In many locales, labor laws for the service industry severely limit the number of hours that non-exempt employees can work. The laws define the limits according to the industry, age, job position, hourly rate, holiday, length of shift, or even the day of the week. If your business works with service unions, these rules can become even more complicated. For example, the rules may require that managers track breaks and meal periods and whether employees wanted to take their break. Some states and insurance companies perform regular Labor & Industries audits, imposing heavy fines or insurance premium increases for non-compliant businesses. In this post, we cover some example scenarios that show how ignoring labor regulations is a bad idea.
Consequences of Ignoring Labor Regulations
Labor & Industries (L&I) audits are common in some US states, especially CA, WA, OR, and NY. Businesses hit hardest include those in the restaurant, food service, retail, construction, and hospitality-related industries. Typically, state or insurance companies perform the audits to verify that the business has complied with all applicable regulations. Audits focus on unpaid overtime, minors working too late/early, undocumented break and meal periods, and other violations. Rule infractions can be punished with stiff fines and/or insurance premium increases.
Example 1: Sandwich Restaurant Ignores Overtime Laws
A sandwich restaurant in California employs three sandwich specialists. These team members are scheduled to work less than 8 hours a day, six days of the upcoming work week. On the first day of the schedule, an employee fails to show up for work. Management terminates this employee. The remaining two employees must work work the additional 28 hours at the business to cover the terminated employee. Neither employee receives a day off during the work week.
Under California overtime law, each employee must be paid 1.5x for more than 8 hours of work in a given day, as well as 1.5x for more than 40 hours per work week. Additionally, the two sandwich specialists will receive 1.5x, 2.0x overtime on the 7th day of their work week, as neither employee will receive a break this week. Failing to pay these increased wages is grounds for a lawsuit and an investigation by the state.
The outcome? Insufficient staffing may cost this California business several thousand dollars in a single week! And that’s not even counting any court fees and fines resulting from a lawsuit.
Example 2: Car Wash Ignores Laws Concerning Meal Periods and Minors
The general manager at a car wash business needs to ensure that one manager is always on duty. They also need to staff a number of attendants to apply soap to the cars before the vehicles enter the automated car wash machinery. Each attendant must receive a number of breaks during their shift, and this particular business prefers to hire employees who are minors to fill gaps in the schedule. During a normal work day, between five and seven employees are working.
By not carefully scheduling the break and meal periods and minor rules, the manager may end up with a shortage of staff as multiple employees take breaks (or leave for the day) at the same time and minor employees leave for home.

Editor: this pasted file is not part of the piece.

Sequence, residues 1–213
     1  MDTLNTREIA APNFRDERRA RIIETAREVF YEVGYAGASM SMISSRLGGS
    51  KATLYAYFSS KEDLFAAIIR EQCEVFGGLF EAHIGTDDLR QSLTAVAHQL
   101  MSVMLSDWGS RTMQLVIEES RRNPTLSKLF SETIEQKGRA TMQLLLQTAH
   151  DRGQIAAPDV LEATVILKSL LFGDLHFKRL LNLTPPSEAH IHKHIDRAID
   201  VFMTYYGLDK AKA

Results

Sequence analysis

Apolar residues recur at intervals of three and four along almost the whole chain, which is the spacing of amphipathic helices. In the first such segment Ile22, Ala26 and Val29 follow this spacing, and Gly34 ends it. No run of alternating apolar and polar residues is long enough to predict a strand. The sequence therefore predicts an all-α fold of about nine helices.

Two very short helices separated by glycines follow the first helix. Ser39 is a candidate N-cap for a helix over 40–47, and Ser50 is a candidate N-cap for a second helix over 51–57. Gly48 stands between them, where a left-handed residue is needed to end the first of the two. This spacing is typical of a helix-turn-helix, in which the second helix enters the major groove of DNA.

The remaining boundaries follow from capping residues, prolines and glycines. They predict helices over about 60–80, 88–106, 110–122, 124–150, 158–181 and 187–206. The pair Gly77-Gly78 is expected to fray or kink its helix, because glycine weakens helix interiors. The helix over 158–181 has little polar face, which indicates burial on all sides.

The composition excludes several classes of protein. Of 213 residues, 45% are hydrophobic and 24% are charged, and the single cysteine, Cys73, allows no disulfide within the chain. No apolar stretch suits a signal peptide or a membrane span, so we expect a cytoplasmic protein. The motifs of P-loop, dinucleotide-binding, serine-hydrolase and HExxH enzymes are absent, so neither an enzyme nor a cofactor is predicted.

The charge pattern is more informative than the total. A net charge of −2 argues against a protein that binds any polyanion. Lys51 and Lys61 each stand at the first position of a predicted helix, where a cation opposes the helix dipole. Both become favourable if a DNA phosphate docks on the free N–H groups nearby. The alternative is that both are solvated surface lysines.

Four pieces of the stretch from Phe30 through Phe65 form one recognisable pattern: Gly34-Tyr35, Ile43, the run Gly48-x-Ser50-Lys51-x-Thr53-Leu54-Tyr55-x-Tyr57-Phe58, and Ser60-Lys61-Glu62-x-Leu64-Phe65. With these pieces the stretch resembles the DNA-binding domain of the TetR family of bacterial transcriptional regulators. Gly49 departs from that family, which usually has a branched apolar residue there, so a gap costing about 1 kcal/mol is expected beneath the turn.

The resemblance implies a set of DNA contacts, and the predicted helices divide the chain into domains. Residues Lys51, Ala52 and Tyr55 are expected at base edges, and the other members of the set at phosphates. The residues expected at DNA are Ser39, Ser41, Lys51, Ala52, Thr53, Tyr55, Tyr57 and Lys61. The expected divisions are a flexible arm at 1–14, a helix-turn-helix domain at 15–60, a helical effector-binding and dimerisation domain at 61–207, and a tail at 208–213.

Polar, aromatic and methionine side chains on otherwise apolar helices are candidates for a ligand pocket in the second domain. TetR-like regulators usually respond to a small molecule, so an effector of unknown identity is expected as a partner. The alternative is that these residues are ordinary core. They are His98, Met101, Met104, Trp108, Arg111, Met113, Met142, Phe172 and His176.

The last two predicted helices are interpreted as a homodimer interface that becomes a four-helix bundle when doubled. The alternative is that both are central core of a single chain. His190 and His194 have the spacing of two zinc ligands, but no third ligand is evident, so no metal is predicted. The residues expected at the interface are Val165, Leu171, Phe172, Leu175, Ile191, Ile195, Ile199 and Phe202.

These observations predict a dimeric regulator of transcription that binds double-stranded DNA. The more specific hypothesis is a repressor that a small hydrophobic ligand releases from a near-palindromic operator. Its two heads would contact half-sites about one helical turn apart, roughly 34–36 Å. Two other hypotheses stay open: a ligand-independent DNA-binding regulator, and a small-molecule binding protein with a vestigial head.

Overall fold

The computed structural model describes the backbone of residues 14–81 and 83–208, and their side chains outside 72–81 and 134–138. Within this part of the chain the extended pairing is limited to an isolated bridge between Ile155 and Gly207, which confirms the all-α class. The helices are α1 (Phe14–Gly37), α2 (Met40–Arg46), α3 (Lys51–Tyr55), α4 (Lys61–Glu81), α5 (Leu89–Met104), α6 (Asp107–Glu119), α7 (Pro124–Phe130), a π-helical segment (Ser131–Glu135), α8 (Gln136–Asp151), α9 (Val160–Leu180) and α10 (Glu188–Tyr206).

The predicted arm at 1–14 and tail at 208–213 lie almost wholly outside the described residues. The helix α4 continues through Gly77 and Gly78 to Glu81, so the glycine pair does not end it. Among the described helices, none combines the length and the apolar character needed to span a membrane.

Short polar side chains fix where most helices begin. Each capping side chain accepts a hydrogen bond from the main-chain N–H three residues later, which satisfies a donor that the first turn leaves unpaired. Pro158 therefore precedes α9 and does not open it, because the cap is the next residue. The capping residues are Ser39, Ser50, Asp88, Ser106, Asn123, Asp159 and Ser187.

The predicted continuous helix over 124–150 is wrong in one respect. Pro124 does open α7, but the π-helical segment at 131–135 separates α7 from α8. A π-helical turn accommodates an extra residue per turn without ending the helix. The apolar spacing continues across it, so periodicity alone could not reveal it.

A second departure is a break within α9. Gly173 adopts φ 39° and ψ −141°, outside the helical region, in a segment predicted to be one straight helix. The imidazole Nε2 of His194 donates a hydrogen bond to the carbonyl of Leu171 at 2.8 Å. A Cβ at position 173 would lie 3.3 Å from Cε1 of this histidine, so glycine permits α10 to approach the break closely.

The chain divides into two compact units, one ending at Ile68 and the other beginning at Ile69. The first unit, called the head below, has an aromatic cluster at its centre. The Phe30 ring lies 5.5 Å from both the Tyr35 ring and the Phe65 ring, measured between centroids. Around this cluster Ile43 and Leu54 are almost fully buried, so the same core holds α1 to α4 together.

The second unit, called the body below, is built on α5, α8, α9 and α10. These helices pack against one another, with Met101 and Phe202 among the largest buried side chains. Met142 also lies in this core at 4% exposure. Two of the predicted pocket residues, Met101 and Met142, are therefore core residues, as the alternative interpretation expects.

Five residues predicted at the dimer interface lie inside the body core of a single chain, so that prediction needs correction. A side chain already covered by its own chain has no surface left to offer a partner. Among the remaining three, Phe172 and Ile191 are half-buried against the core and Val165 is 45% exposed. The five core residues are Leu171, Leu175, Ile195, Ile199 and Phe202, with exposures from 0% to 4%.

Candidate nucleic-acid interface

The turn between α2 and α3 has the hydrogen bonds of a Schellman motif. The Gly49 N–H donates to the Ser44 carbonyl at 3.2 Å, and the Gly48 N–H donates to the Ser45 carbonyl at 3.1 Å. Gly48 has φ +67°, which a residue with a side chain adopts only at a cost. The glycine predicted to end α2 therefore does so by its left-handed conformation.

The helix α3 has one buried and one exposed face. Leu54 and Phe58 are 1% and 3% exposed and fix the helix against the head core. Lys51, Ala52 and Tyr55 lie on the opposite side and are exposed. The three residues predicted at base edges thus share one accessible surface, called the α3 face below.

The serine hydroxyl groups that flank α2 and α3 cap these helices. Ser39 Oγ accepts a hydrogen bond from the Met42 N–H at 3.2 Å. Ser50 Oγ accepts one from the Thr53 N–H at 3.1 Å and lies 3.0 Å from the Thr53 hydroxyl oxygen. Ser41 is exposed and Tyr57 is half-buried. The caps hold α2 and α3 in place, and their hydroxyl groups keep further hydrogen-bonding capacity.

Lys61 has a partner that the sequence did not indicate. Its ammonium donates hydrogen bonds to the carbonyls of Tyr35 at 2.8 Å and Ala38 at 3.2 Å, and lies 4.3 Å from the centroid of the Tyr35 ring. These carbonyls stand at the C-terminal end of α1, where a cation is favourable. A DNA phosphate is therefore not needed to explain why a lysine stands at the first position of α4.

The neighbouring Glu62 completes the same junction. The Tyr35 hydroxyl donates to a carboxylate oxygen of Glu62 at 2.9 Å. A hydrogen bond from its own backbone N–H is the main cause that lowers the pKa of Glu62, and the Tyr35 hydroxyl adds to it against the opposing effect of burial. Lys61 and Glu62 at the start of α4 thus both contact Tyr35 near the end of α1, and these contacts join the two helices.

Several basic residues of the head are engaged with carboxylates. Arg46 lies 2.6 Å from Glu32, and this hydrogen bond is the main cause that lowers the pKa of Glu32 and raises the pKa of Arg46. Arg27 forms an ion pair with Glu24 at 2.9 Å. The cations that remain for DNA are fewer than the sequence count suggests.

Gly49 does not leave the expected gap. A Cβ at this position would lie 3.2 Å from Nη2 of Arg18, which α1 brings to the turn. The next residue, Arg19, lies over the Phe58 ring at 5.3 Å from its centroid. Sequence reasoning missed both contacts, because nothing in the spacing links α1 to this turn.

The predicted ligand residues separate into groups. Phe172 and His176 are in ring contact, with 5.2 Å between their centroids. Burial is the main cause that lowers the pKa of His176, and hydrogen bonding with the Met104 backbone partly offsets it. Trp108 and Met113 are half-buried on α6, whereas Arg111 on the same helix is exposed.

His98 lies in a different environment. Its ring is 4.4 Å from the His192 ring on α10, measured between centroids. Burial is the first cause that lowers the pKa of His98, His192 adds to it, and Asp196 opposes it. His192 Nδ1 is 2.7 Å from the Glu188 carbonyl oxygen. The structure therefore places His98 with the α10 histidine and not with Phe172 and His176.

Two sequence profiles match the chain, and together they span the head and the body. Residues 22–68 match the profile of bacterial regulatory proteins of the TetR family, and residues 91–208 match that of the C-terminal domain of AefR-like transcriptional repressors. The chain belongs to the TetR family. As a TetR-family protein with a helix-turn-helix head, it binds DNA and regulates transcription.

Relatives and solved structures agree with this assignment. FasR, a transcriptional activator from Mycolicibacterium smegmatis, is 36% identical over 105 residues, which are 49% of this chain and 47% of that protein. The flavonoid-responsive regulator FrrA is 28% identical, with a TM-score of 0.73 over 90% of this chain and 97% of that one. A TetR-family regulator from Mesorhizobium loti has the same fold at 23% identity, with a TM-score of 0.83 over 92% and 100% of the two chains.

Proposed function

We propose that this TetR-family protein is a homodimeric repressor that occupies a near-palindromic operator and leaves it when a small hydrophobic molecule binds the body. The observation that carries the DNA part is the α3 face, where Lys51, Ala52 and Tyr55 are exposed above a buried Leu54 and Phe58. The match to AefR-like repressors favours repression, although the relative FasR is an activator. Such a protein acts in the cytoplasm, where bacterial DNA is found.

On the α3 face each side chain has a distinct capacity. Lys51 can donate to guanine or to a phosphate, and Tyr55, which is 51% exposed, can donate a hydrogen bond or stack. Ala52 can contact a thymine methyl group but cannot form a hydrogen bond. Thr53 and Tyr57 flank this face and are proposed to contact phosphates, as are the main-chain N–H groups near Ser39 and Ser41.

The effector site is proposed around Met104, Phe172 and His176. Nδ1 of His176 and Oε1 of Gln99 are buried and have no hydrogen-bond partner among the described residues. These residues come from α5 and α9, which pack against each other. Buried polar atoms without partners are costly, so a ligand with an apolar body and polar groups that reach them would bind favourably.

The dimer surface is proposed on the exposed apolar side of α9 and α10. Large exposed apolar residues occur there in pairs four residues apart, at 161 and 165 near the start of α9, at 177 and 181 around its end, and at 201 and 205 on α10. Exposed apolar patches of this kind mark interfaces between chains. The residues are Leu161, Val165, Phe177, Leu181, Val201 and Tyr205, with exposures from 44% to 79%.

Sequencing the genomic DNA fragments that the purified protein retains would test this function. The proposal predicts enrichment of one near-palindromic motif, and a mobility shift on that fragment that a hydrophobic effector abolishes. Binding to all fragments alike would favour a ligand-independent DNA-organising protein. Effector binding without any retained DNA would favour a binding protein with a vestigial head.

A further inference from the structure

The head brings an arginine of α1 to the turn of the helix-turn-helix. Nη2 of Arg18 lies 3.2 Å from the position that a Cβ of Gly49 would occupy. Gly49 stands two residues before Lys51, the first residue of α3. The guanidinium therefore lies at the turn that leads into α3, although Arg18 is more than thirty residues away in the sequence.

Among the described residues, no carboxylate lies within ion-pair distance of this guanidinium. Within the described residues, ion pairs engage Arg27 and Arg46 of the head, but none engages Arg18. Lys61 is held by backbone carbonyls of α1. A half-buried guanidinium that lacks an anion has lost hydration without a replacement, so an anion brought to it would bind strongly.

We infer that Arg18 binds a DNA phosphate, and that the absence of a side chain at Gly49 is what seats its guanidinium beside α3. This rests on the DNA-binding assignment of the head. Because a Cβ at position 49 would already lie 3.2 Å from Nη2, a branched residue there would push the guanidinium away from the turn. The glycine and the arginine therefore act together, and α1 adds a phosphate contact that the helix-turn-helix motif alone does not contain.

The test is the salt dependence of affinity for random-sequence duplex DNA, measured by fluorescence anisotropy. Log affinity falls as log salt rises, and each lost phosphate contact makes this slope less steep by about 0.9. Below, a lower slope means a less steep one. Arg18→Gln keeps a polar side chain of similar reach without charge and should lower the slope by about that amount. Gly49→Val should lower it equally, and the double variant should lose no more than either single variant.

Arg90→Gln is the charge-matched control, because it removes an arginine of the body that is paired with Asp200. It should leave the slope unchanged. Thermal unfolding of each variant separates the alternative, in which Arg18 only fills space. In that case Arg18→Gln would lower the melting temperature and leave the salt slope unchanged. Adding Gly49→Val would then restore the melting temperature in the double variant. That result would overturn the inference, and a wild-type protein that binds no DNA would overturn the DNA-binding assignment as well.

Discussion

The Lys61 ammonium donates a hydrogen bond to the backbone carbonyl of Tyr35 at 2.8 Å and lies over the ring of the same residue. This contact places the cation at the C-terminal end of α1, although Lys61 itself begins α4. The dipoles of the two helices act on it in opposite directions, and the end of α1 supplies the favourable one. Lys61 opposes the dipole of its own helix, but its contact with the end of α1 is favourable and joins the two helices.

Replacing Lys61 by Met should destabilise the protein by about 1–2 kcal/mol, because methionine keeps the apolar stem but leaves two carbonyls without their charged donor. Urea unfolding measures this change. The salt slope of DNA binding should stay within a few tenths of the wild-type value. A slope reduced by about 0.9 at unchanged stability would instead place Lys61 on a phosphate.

During the labor shortage, customers will not be serviced appropriately and may leave poor reviews about the business. Alternatively, the manager may choose not to send employees home or allow breaks to proceed; but doing so is grounds for heavy fines, a lawsuit, and/or increased insurance premiums.
Managers Need to Stay on Top of the Rules to Stay Out of Hot Water
Careful managers schedule around these oft changing and complex rules, ensuring that their business is meeting labor regulations. However, businesses inadvertently land themselves in hot water when workers fail to show up, quit, or lose their jobs for otherwise legitimate reasons. Inexperienced managers, overburdened by other areas of schedule creation, often forget about labor laws. The main reason they forget? The rules aren’t core to the “making money” aspect of their business. Stiff fines and lawsuits result from failing to be in compliance.
In uncertain economic times, managers must be able to schedule labor correctly in a consistent manner. They must also keep employees happy and reduce fines imposed by legislative authorities, such as the Department of Labor. Businesses should seek to use cost-effective software systems, such as TimeForge, to ensure proper scheduling and timekeeping. Effective scheduling software can schedule meal and break periods, accurately calculate overtime costs, and archive previous schedules for managerial review.
Ignoring Labor Regulations Isn’t An Option
The takeaway here is that ignoring labor regulations isn’t an option if you want to stay in business. Make sure that all employees are aware of the applicable laws for your city or state. Follow federal rules, corporate rules, and insurance regulations (if applicable). Where possible, utilize an automated scheduling system to enforce these rules. This, in turn, reduces the administrative burden placed on managers, thereby allowing management to work on other pressing issues such as training, customer service, and management tasks which cannot be automated.